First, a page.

Peter Reinhart

Decades, Sprouted Wheat.

In two weeks, I'll have been married for a decade.  A decade.  That frame of time seems both long and short as I look back over it.  Time in general has started to feel completely relative in nature: in perpetual fast forward as I look at my boys growing bodies day by day, in slow motion as I watch things in the kitchen sprout and grow, in stubborn reverse as I look back over the things that might have been or could have been if events hadn't played out the way they did.  

A decade, almost all of it full of slow food and homemaking as a profession.  I don't know many who do their taxes and put "homemaker" down in the box - every year I think of that.  The term, also in print on my boys' birth certificates, seems antiquated and humbling and yet it is the thing I am most proud of.  I never dreamed I'd even have children let alone have the autonomy to watch them closely every day, hold onto the minutes, the hours, the years and try (at times) to remember to not wish them away.  I never knew how happy tending a home full time would make me, and I worry that if I ever had to be doing something else full time it would kill me.  I watch over my home, the center of which is (of course) this kitchen, and there is nothing else I'd rather be doing.

Another relationship began 5 years ago, the one involving wild yeast.  That relationship parallels the ones with my husband and children in perplexingly similar ways.  Living, breathing, growing, changing, I can't neglect it and I can't ever predict it.  Just when I think things are going horribly, out pops a tremendous and amazing reminder that slow and steady wins the race.  That glorious things can come from strange circumstance.

sprouted wheat, Ball jar.

In the new batch of cookbooks rented, I've been enjoying Peter Reinhart's Bread Revolution.  It focuses on sprouted wheat breads both with conventional yeast and wild yeast and also a host of quick bread and baked good recipes using sprouted grain flours.  When I had first sprouted my own wheat a few years back, I couldn't get over the flavor of it - but I did notice the difference in how it baked.  Reinhart of course is able to explain this better than I ever could, and leave it to him to come up with a whole book full of recipes highlighting how to use it in the very best way.

Sprouted sourdough almost seems redundant.  After all the process of culturing regular flour with the wild yeast innoculant renders the whole loaf already easier to digest, a true whole and fermented food.  Before reading about it, I never thought the result would be that much better but boy was I wrong!  The flavor is incredible; it's wheaty, earthy, and almost sweet.  It makes the best toast I've ever eaten.

sprouted wheat berries
sprouted wheat flour

The dough seems harder to work with, it's stickier (Reinhart advises oiling your hands, but I just used water and folded the dough in the bowl I mixed in rather than putting it on the counter each time) and more "relaxed" in feel than dough made with regular flour.  I didn't pay good attention to the time when I began and had to get up in the night to form my dough into a loaf - and then rather than set more nighttime alarms, I decided to cold proof it in the fridge until morning.  All of my variables and I was sure the bread wouldn't be anything to speak of, but like sourdough always does it surprised me with it's wonderfulness.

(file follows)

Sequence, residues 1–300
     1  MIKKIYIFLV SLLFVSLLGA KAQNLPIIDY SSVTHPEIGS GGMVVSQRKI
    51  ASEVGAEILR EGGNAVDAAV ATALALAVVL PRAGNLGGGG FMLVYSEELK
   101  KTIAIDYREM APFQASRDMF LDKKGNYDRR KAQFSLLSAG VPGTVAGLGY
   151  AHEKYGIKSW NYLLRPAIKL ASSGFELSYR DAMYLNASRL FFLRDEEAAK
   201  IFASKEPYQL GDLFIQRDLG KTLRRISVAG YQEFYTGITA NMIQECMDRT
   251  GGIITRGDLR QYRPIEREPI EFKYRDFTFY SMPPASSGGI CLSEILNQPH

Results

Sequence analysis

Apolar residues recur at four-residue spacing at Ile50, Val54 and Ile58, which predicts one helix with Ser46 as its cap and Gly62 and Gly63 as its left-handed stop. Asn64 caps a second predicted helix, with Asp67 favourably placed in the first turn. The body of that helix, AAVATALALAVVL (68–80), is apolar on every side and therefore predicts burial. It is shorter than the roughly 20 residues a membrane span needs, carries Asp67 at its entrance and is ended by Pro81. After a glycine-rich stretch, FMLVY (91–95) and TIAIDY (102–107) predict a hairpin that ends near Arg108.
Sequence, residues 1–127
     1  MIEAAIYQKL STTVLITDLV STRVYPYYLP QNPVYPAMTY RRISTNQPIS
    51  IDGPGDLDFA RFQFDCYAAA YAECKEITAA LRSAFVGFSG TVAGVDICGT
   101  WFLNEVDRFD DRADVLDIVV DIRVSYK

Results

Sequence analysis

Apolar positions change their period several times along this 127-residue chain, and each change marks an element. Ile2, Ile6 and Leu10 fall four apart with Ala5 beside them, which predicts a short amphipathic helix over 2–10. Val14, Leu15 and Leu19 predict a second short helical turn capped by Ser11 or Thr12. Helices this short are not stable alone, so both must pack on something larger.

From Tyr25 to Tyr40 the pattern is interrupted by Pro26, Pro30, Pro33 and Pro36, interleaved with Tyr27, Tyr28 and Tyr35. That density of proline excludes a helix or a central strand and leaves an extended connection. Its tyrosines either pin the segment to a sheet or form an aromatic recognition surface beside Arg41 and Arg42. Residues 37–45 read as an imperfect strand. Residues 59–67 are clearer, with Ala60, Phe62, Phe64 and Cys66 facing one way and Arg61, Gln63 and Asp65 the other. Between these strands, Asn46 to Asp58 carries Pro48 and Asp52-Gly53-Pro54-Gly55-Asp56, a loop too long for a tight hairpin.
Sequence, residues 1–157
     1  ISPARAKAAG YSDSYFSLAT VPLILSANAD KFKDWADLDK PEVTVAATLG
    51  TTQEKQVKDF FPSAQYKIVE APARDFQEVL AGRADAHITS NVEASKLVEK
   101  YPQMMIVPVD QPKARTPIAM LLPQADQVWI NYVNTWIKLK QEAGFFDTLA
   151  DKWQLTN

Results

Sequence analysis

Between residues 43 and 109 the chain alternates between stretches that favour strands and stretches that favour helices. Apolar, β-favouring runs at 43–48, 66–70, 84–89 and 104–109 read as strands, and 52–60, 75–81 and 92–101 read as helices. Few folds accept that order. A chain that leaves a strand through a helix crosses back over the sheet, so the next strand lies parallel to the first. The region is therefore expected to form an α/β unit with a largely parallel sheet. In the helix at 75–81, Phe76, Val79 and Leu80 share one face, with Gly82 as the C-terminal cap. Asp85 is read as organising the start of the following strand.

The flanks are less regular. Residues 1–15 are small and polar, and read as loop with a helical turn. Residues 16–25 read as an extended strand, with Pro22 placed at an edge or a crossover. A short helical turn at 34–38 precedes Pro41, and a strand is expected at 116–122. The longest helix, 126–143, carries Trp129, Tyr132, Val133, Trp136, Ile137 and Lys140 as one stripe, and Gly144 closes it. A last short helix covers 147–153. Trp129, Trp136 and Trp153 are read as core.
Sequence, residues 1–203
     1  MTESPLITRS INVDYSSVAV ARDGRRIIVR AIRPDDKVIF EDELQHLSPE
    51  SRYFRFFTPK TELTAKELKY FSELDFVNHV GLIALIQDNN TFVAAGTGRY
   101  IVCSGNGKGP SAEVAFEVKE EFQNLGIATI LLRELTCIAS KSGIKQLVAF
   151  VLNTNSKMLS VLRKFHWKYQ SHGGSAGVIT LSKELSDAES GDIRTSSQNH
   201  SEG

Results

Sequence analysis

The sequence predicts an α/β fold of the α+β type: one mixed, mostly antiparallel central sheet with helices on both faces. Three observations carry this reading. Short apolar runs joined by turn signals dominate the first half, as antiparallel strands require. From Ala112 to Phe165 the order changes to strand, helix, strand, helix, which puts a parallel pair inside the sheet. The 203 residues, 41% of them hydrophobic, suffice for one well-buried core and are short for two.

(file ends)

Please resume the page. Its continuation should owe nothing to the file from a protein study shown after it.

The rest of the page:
009 :: 02.04.15
Click the photo to read the baking notes.

Isn't that always the way?  The bread always changes the rules just when you think you know it all.  And there is always, always something more to learn.  I made this loaf alongside a whiter one, plain sourdough as I'm used to making.  The boys all wanted this one before the other and it really was that unique.  When toasted, it became brittle and almost graham like.  There is just the heel left, and I'm saving it for breakfast tomorrow with more marmalade.  I will eat it slowly and plot my next sprouted baking experience.

sprouted toast.
I still can't decide if I should make another batch of the kumquat & blood orange marmalade...

I seem to save the heels of bread to toast and eat myself, like I save up all the small moments in my day to day family life that one day I'll likely use to comfort and warm myself.  In another decade, my oldest boy will likely be out of the house and the growing baby boy will be almost a teenager.  I will be greyer and telling more tales of bread, hopefully still learning more and more about it. 

Butter Tortillas.

I'm sure you've heard we are once again living in the golden age of butter.  Butter makes everything better, and I can't tell you how liberating it is to just use it without the guilt of the low-fat '90's plaguing me.  My whole outlook on fat has obviously changed for the better over the past several  years, and strangely I not gained a single pound in the process (well, not counting the gains and loss of baby weight...).  While eating more fat, I have also never purchased less prepared food in my life: in part due to our economic status, but even more because whenever I read a label, I lose my appetite.

There are quite a few "convenience" foods that I haven't bought it ages and canned beans and tortillas top the list.  For years, I quietly made my own corn tortillas using Maseca and an aluminum tortilla press that someone gave me years ago.  I never made flour tortillas; my Mom always made them without a recipe, and hers were untouchable good.  Then two things happened.  My aluminum press broke, and Deena posted about some whole wheat flour tortillas that I tried and loved.  They were made with a ratio, not by feel and I could handle that.